Early English plays
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Early English plays by Schweikert, Harry Christian

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Published by Harcourt, Brace and Company in New York .
Written in English

Subjects:

  • English drama -- To 1500.,
  • Mysteries and miracle-plays, English.,
  • English drama -- Early modern and Elizabethan, 1500-1600.,
  • English drama.

Book details:

Edition Notes

Statementedited by H.C. Schweikert ...
Classifications
LC ClassificationsPR1262 .S3
The Physical Object
Paginationvi, [2], 845 p.
Number of Pages845
ID Numbers
Open LibraryOL6711203M
LC Control Number28003837
OCLC/WorldCa850675

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  Early English Plays Paperback – Ma by Harry Christian Schweikert (Editor) See all formats and editions Hide other formats and editions. Price New from Used from Hardcover "Please retry" $ $ $ Paperback "Please retry" $ $ — Hardcover $Format: Paperback. Comprised chiefly of individual editions of English stage plays issued between and , the Boston Public Library's collection of early English playbooks is extensive and diverse. Numbering well over 1, items, the collection also includes masques, pageants, and other dramatic. Fair-booth burlesque and musical entertainment, the ancestors of the English music hall, flourished at the expense of legitimate English drama. By the early 19th century, few English dramas were being written, except for closet drama, plays intended to be presented privately rather .   Book Description. Covering a period of nearly 40 years’ work by the author this collection of essays in the Shifting Paradigms in Early English Drama Studies series brings the perspective of a Drama academic and practitioner of early English plays to the understanding of how medieval plays and Robin Hood games of the fifteenth and sixteenth centuries were performed.

The essays are organized into three sections: "Early English Drama and Physical Space" examines the settings in which plays were acted; "Early English Drama and Social Space" juxtaposes the theater with such contemporary subcultures as the church, the city, and the court.4/5(1). Sylvan Barnet is an American literary critic and Shakespearean scholar. He is a Fletcher Professor of English Emeritus at Tufts University. Barnet is the author of numerous books and articles on Shakespeare. He is the general editor of the Signet Classics Shakespeare,[1] the author of A Short Guide to Shakespeare,[2] and has written many textbooks/5(1). Basic Search; Boolean Search; Proximity Search; Bibliographic Search; Word Index (Phase I) Word Index (Phase II). DEEP: Database of Early English Playbooks allows scholars and students to investigate the publishing, printing, and marketing of English Renaissance drama in ways not possible using any other print or electronic resource. An easy-to-use and highly customizable search engine of every playbook produced in England, Scotland, and Ireland from the.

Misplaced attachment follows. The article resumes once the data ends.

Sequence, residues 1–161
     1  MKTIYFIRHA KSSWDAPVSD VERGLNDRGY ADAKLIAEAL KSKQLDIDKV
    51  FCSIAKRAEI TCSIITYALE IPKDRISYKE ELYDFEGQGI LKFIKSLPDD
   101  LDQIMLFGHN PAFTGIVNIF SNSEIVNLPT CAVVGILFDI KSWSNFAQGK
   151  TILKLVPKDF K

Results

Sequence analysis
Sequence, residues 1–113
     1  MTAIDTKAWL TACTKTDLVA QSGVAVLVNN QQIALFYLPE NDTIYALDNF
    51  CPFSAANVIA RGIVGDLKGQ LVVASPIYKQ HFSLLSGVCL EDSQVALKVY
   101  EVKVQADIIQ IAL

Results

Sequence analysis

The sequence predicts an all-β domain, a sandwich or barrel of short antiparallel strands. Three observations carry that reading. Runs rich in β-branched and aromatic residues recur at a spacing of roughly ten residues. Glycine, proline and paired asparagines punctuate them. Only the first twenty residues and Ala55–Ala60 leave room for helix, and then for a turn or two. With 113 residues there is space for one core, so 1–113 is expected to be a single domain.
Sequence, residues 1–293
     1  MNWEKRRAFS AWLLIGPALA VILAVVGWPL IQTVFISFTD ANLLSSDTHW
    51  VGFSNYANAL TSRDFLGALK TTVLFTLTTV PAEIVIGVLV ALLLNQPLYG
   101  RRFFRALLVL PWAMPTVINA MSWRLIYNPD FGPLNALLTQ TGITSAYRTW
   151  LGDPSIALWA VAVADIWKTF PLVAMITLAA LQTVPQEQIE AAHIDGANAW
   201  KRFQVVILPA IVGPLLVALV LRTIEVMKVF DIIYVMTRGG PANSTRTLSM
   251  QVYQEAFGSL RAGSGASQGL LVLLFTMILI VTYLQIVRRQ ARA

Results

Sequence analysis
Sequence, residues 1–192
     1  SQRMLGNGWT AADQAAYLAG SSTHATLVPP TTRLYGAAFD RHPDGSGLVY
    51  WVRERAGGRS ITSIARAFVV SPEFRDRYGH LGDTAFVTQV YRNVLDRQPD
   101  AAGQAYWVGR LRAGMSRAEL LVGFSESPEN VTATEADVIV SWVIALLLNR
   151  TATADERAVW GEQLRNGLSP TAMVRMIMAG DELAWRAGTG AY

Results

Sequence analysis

Early Modern English or Early New English (sometimes abbreviated EModE, EMnE, or EME) is the stage of the English language from the beginning of the Tudor period to the English Interregnum and Restoration, or from the transition from Middle English, in the late 15th century, to the transition to Modern English, in the mid-to-late 17th century.. Before and after the accession of James I to the. From to , the Folger Shakespeare Library was awarded a $, grant from the National Endowment for the Humanities to create A Digital Anthology of Early Modern English Drama. A Digital Anthology is a hub for exploring data and eventually documentary editions of over four hundred extant printed English plays by Shakespeare’s contemporaries that were publicly performed between   : Early English Drama: An Anthology (Garland Reference Library of the Humanities) (): Coldewey, John C.: BooksReviews: 1. English literature - English literature - The Romantic period: As a term to cover the most distinctive writers who flourished in the last years of the 18th century and the first decades of the 19th, “Romantic” is indispensable but also a little misleading: there was no self-styled “Romantic movement” at the time, and the great writers of the period did not call themselves Romantics.